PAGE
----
Date of Graduation
Master of Science in Physician Assistant Studies
Annjanette Sommers MS, PA-C
Rob Rosenow PharmD, OD
INTRODUCTION: Diabetes Mellitus Type 1 (DM 1) and celiac disease (CD) are both autoimmune diseases that are associated with the human leukocyte antigen (HLA)-DQ2 and human leukocyte antigen (HLA)-DQ8 genetic halotypes. Different geographical areas vary with prevalence of CD in populations with DM 1, ranging from 1.1% to 16.4%. Type 1 diabetes is a chronic autoimmune disease and accounts for approximately two thirds of all new diagnoses of diabetes in patients 19 years of age and younger, with a continue rise in incidence. Celiac disease is also an autoimmune disorder, and is characterized by intestinal villous damage caused by gluten ingestion. In the United States and Western Europe, the prevalence is approximately 1%. Individuals are susceptible to celiac disease on average, within 10 years of their DM 1 diagnosis. The incidence of celiac disease is increasing in those with type 1 diabetes because screening for CD has been made possible with the availability of non-invasive serological testing. Immunoglobulin A anti-endomysial antibody (IgA- EMA) has high sensitivity and specificity for celiac disease and has been proven to be effective in diagnosing atypical and latent CD. However, the “gold” standard for celiac diagnosis is the intestinal biopsy.
METHODS: The focus of this study was to review the current literature on all studies pertaining to IgA-EMA screening for celiac disease in the pediatric population with type 1 diabetes. The studies involved screening of type 1 diabetic patients for celiac disease with IgA- EMA and intestinal biopsies for those who tested positive for IgA- EMA.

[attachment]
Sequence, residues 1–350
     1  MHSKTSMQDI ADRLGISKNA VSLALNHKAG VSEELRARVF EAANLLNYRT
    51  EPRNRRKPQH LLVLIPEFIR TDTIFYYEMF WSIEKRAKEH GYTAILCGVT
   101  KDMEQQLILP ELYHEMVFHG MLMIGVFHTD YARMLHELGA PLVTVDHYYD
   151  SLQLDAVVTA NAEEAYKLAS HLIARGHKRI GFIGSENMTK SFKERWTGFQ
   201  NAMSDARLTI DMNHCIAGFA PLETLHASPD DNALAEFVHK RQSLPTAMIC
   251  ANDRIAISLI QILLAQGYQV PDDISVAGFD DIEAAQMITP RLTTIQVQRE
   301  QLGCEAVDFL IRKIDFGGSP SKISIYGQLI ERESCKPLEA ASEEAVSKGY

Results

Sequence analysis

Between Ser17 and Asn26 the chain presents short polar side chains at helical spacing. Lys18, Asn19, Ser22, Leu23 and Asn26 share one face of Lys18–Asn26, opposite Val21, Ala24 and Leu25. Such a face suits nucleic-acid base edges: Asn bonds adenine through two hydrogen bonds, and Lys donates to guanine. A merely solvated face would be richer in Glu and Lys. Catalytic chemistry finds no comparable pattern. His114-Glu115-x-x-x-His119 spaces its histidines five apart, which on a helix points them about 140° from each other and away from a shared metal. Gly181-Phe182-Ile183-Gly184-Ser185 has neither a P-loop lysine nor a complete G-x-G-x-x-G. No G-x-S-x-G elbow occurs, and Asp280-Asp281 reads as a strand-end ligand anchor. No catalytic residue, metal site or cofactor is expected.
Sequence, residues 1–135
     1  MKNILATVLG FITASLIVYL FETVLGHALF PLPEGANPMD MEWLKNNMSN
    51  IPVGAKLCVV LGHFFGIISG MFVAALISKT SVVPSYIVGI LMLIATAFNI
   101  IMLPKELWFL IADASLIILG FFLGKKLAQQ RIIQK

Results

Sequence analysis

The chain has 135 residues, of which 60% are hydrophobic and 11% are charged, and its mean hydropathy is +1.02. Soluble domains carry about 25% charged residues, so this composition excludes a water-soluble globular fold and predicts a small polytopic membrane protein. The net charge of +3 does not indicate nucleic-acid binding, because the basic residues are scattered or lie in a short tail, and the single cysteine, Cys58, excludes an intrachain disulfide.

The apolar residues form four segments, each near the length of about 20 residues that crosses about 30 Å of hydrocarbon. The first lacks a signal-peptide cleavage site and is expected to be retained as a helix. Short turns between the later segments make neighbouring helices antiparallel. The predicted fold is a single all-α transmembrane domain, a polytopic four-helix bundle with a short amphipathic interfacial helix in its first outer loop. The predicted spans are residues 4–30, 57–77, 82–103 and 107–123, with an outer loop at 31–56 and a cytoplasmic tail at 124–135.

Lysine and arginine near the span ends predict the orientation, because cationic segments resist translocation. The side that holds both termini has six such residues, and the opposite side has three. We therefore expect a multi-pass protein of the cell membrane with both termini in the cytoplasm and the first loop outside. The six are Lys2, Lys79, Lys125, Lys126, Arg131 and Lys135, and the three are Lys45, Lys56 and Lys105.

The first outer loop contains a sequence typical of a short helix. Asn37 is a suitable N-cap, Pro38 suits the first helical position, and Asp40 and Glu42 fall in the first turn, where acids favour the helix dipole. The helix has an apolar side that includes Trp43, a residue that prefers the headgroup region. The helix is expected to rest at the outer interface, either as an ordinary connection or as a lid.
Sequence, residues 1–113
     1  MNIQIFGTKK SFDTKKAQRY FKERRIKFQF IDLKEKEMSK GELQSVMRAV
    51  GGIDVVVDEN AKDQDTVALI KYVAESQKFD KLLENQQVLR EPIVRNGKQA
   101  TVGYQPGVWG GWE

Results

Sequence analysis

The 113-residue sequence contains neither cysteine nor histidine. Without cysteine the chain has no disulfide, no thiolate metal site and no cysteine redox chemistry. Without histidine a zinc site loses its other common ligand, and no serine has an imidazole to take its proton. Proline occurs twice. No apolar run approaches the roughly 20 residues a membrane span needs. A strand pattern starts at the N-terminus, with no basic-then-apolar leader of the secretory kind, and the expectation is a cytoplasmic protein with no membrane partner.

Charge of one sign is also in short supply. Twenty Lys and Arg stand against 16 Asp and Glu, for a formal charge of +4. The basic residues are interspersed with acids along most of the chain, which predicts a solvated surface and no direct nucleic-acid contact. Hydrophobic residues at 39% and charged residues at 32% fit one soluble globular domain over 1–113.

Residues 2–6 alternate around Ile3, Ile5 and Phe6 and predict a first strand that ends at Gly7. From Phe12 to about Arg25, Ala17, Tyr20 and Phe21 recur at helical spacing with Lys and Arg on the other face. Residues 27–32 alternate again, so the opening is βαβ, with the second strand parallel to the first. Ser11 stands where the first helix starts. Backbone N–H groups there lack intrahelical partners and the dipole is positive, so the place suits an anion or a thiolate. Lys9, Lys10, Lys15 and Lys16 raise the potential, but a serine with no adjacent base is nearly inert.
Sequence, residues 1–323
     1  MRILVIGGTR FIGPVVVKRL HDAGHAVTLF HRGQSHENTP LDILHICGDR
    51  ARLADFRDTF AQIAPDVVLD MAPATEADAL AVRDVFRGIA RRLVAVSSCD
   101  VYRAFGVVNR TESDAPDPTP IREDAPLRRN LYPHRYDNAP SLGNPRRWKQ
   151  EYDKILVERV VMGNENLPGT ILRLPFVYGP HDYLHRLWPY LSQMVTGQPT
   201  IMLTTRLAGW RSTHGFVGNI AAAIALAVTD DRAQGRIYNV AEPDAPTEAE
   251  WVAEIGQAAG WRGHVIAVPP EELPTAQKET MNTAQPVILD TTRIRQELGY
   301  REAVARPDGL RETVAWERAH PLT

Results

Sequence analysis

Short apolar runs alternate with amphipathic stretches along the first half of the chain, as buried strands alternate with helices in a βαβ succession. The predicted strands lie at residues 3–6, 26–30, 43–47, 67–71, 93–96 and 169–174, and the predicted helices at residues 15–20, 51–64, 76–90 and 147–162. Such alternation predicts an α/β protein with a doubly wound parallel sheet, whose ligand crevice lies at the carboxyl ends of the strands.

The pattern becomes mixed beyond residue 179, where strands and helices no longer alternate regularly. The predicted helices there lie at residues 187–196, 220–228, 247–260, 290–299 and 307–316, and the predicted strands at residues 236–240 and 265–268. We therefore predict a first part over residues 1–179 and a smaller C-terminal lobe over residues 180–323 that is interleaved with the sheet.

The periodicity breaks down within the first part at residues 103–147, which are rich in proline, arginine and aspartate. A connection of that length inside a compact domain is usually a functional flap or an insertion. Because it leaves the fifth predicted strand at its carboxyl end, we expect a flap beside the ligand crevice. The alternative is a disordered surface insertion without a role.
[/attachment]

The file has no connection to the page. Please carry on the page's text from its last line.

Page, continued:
RESULTS: The seven studies showed high prevalence of celiac disease in pediatric individuals with type 1 diabetes. Several studies also demonstrated that those who were initially negative for celiac disease later developed latent celiac disease.
CONCLUSION: IgA-EMA is an effective screening test for celiac disease in individuals with type 1 diabetes. The studies reported that due to the high prevalence of celiac disease in conjunction with type 1 diabetes, initial screening for celiac disease at diabetes onset is recommended and should be performed. They also stated that since seroconversion could occur, and patients could develop latent celiac disease, screening for celiac disease should also be performed after diabetes onset. How often and at what interval screening should be done is unanswered.
McCauley, Lily, "Serum Immunoglobulin A Anti-Endomysial Antibody (IgA-EMA) and its Effectiveness in Screening for Celiac Disease in the Pediatric Population with Diabetes Mellitus 1" (2009). School of Physician Assistant Studies. 158.